Levit. xi. 3. Royal Translation. from the Rabbinical writings, of the « Whatever parteth the hoof, and is customs and usages mentioned by cloven footed, and cheweth the cud Moses, criticisms on the original are among the beasts, shall ye eat.” Ains- interspersed every where through the worth's. “ All that parteth the hoof, annotations, and the phrases and senand cleaveth asunder the cleft of the timents accounted for by parallel pashoofs, and cheweth the cud among sages from the Old and New Testa. the beasts, that shall ye eat.”. ments; especially every thing relat
Psalm xxiii. 1, 2, 3. Royal Trans ing to the Messiah, promised to the lation. « The Lord is my shepherd, I Israelitish nation. shall not want. He maketh me to lie As the commentaries and transladown in green pastures; he leadeth metion of Ainsworth are the very best beside the still waters; he restoreth my helps which can be used for acquirsoul ; he leadeth me in the paths of ing a knowledge of the original, it is righteousness for his name's sake.” matter of regret that they are not Ainsworth's. “ Jehovah feedeth me, printed in a form that can readily be I shall not lack. In folds of budding consulted. The quartos, when to be grass he maketh me to lie down; he had, are manageable enough ; but that easily leadeth me by the waters of is far from being the case with the rests; he returneth my soul. He folios. The most commodious form leadeth me in the beaten path of jus- is octavo ; and certainly he that could tice for his name's sake."
conveniently study the translation Song of Solomon, ii, 7. Royal Trans- and commentaries for a month or lation. “ I charge you, O ye daughters two along with the text, would be a of Jerusalem, by the roes, and by the much better Hebrew scholar than if hinds of the field, that ye stir not up, he had studied them for so many nor awake my love, till he please. years with only the masoretic points. Ainsworth's. " I adjure you, o daugh Whenever, in his treatises, Ainsters of Jerusalem, by the roes, or by worth quotes from difficult or disputthe hinds of the field, if ye stir, and if ed passages of scripture, he translates ye stir up the love, till it please.” from the original, and it has sometimes
From the comparative view of occurred to me, that with a little diliAinsworth's and King James's trans- gence and patience, his translations lation of these and similar passages, we of these passages might be collected may form a pretty just idea of the for- from his writir.gs. Of course, such a mer, though we possess little or no task could only
be important to those knowledge of the original. Both trans- who valued the manner and spirit of lations are literal, but chiefly that of Ainsworth, as a translator of Hebrew Ainsworth; and how difficult this kind and Chaldee, or respected his authoof translation is, in poetical or highly rity in those points, about which others figurative passages, no one accustom- equally skilful disagree. ed to translate need be informed. He was not destitute of imagination,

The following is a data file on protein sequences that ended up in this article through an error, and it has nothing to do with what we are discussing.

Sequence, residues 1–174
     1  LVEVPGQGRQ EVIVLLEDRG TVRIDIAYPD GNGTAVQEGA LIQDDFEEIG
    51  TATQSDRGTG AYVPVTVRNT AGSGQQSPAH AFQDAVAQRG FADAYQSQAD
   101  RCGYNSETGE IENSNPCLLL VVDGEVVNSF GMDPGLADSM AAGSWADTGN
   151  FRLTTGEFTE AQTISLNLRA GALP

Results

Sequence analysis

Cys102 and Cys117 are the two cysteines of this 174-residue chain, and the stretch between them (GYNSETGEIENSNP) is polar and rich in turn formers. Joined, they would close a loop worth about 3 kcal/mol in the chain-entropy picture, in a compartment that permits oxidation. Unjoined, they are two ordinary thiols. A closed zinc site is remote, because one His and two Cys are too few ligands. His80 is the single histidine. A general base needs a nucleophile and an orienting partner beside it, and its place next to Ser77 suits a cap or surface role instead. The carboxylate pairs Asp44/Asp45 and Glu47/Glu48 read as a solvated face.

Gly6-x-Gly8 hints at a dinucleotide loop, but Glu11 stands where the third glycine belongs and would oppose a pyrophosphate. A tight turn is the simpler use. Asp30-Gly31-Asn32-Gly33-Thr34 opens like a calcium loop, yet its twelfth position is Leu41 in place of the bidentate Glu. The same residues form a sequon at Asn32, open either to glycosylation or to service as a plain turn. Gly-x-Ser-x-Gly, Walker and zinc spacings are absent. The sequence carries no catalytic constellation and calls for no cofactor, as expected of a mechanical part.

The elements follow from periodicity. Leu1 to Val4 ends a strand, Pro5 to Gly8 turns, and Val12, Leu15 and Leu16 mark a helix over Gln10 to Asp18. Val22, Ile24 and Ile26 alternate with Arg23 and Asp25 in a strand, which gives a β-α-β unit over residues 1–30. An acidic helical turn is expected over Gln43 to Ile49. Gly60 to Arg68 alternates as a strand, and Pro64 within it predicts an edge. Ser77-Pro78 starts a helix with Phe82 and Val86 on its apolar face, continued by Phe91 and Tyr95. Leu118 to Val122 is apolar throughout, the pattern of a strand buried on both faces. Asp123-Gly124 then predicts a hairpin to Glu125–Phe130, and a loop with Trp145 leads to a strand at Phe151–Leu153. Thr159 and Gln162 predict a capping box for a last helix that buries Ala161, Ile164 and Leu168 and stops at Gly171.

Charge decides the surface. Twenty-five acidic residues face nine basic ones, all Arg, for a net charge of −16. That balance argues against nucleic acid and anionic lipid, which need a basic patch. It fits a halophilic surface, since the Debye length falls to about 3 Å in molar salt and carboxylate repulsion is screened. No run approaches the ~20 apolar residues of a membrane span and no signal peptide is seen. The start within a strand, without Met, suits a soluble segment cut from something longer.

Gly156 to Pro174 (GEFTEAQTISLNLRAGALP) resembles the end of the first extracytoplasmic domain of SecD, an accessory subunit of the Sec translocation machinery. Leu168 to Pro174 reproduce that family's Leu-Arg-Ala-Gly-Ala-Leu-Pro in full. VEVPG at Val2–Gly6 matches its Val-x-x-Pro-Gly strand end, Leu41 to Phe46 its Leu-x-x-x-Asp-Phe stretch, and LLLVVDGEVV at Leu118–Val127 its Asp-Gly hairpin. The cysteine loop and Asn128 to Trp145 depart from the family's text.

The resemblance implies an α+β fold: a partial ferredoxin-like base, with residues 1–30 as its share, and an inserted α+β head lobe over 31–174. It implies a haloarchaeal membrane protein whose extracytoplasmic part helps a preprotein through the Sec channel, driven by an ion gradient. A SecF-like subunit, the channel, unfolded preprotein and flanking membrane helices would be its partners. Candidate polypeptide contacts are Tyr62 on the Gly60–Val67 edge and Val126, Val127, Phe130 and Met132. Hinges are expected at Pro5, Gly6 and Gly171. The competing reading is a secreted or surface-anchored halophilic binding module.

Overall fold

Such translations are valuable to and even attempted poetry, but his those who wish to understand the essays of this nature we do not adoriginal, and are to be studied night mire. In our judgment, he would and day, if they would read the ori- have acted more wisely, if he had conginal with ease and pleasure, or even fined himself to prose; and he would with certainty of the meaning Every have excelled in it, had he studied the man must translate literally before he rules of good writing, and composed
with care. Whoever reads his Trea- losophy with tea-drinking laundresses, tise on the Communion of Saints, and and gambling bankrupts. But there especially his Arrow against Idolatry, is an error into which those disintermust be convinced that his powers of ested moralists generally fall on this composition were not defective. Had subject. They forget that the muhis subjects been judiciously chosen, tual relations of the fortunate and unhe was perfectly able to illustrate fortunate are like those of scales in a thein : whatever were his ideas, he balance. While the levity of success could clothe them in clear and forcible buoys the one above the equipoise of language. This, however, was a mat- sober thought and consideration, the ter of indifference to him. His genius pressure of misfortune sinks the other was not of that order which selects a to the earth. The chagrin of disapsubject, "unattempted yet in prose or pointment, and the irritable jealousy rythm. The word of God controle of fallen fortunes, contribute fully led his judgment, and subdued his more to such complaints and lamenfeelings. He cncouraged no concep- tations than the natural affection and tions which had the air of originali, respect of men for prosperity and ty, or delighted in imagery, which good humour. But this is not the fancy created. His ideas were invari- view of character designed for the ably the ideas of scripture, and his present essay. language that which scripture sup Character has two properties in plied. As a literary man, his highest common with money. It is difficult ambition was to understand thoroughly to lay hold of a respectable quantity the Hebrew and Chaldee scriptures; of it, but that quantity once obtained, and he was most indefatigable in their it accumulates with great ease and rastudy, and anxious to transfuse their pidity. A great accumulation of chakrue meaning into his own language.racter begets caution and timidity. That he has succeeded in every in In the senate and at the bar no stance, we will not assert. Writings so sight is more familiar than the appaancient and so little studied in their rent accession of talent from increase originals, present difficulties not easily of reputation. The consciousness to be surmounted; but those who that he has been successful, and that really wish to master the languages in he now possesses the attention and which they are written, cannot do excites the expectation of his hearers, better than dedicate a portion of their inspires the orator with an energy of time to Ainsworth. His labours on thought and expression, which, in the Old Testament enable us to read, other circumstances, could never be with advantage and satisfaction, Po. commanded. The operation of success cock, Lowth, Blaney, Newcome, embraces both the orator and the auHorsley, Michaelis, and all those who dience: he effects more than would have been most eminent for biblical be otherwise possible, and they aplearning.